I am not afraid.
If you read my blog last week (Who Will Be the Canary?), you probably noticed that while I look forward to returning to worship in our church sanctuary, I prefer to err on the side of caution. And, as I noted in my greeting yesterday morning, I find it a little odd that we are being told that it is safe to return to corporate worship (with proper spacing) but day cares, sports teams, and others are being told to limit activities to groups of ten. Similarly, hospitals nursing homes and other care facilities remain closed to visitors and family members. In that environment, I am just not convinced that it is responsible to put nearly one hundred of us in a room together.
I realize that there are several schools of thought on this issue. A few of my colleagues believe, and have made it clear in online forums, that such cautiousness will harm church attendance and membership. But I am not so sure. In 2016, the entire Chipotle restaurant chain lost customers and revenue when 55 customers were sickened by the e coli bacteria in seven states. The damage to sales (attendance) took years to repair. An outbreak of the COVID-19 virus in your local church would be a major media event and, if we’re going to use church attendance as a measuring stick, would have an even more profound impact than cautiousness. In any case, while we are making plans to return to corporate worship in our sanctuary, I think it’s more important to put the safety of our members ahead of worries about attendance.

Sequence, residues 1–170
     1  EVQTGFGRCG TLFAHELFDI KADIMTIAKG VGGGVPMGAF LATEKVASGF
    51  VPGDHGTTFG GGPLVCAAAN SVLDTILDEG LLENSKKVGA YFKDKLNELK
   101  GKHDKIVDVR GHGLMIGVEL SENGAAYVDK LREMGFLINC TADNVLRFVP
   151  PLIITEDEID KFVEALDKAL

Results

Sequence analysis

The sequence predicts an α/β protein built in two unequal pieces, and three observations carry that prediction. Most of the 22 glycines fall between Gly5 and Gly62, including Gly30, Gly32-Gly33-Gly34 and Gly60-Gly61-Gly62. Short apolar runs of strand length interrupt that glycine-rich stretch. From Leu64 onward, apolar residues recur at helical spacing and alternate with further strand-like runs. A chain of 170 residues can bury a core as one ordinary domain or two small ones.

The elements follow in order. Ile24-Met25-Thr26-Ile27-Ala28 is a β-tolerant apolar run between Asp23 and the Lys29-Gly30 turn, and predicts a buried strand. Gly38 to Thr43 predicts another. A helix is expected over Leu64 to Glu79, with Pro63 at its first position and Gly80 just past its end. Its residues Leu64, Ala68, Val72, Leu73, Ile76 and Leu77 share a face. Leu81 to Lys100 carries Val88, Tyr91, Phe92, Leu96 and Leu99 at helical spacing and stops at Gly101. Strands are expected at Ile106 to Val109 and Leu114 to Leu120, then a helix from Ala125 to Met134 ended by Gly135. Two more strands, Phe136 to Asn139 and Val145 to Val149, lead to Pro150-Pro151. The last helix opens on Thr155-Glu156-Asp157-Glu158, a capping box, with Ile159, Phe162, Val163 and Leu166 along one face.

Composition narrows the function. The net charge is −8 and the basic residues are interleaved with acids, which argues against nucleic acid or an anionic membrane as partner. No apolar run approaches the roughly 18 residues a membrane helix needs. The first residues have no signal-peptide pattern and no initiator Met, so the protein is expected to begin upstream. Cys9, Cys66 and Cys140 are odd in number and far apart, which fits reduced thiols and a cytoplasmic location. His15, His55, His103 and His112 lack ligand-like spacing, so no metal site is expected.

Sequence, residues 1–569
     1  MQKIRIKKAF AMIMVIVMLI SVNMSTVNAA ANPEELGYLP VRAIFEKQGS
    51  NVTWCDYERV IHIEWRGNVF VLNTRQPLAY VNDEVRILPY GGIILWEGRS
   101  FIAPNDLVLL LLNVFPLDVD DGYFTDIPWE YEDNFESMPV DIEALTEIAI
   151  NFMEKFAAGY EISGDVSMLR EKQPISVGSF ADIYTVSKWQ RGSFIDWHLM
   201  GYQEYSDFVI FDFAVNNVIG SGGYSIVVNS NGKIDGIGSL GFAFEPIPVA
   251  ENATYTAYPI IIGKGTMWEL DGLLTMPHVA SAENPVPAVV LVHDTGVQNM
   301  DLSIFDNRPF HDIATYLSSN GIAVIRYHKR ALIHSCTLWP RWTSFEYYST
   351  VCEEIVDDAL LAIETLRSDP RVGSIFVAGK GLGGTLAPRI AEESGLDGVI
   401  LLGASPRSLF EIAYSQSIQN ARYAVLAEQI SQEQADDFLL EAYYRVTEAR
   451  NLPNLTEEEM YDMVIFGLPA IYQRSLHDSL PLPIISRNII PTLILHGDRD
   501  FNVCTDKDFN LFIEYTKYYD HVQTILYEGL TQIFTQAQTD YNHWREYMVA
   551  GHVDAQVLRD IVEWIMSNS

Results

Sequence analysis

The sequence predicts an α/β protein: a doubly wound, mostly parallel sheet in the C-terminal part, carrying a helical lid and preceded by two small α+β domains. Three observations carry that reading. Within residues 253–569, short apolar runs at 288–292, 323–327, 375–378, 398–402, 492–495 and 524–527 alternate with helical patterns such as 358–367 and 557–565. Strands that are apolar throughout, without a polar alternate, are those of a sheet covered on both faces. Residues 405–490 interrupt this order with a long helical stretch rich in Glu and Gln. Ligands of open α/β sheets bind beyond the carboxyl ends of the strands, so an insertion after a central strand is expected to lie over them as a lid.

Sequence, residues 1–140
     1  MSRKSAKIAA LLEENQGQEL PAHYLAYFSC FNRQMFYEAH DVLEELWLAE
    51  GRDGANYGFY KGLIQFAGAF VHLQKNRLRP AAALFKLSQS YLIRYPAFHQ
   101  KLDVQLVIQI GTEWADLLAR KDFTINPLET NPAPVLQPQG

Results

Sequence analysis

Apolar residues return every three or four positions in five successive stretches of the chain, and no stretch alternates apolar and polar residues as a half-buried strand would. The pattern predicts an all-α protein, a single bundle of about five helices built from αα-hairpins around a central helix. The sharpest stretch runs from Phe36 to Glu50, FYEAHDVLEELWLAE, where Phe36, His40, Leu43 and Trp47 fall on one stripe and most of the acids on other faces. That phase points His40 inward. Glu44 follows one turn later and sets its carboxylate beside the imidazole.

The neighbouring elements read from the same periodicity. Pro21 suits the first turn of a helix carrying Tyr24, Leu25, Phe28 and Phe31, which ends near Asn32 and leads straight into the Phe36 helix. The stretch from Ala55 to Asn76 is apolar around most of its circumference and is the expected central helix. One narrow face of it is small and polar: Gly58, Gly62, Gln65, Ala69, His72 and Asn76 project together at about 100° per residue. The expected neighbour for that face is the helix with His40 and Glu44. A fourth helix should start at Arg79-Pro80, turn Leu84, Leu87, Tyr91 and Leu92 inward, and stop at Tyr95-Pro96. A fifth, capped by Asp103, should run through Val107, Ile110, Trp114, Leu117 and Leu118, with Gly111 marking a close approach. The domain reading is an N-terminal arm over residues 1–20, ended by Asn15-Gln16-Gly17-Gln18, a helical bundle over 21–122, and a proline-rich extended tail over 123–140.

But I am not afraid.
While there have been many posts on social media that churches (and pastors) should simply have faith, and trust that God will protect us, this isn’t an issue of fear versus faith. While I have seen reminders about how God protected Daniel in the lions’ den or Shadrach, Meshach, and Abednego in the fiery furnace, I don’t think that they apply here. Yes, they all had great faith and, yes, God protected them, but at the same time, Daniel didn’t volunteer to be thrown to the lions. And, realizing that Shadrach and company were bound hand and foot prior to their attempted incineration says something about their willingness to participate in the experience.
Yes, Bible heroes the likes of Moses, Gideon, and David are lifted up as people of great faith, and they were. But it pays to remember that they were also cautious. Moses was content to raise sheep, for forty years, until God commanded him to return to Egypt and promised him divine protection. Gideon led Israel’s revolt against the occupying Philistine army, but God spent days convincing him that the voice he heard really was God, and that God really was promising that Gideon wouldn’t die in the attempt. Yes, David volunteered to fight against the giant Goliath, but David had spent years training with a sling and stones and had used them to fight against a lion, a bear, and other wild beasts before he did.
Being cautious doesn’t mean that we lack faith. It just means that we choose not to risk our lives foolishly.
Let us take the time to understand our enemy and the weapons we have at our disposal to fight against it.
Let us be careful, cautious, and listen for God’s voice.
The heroes of our faith did these things too.
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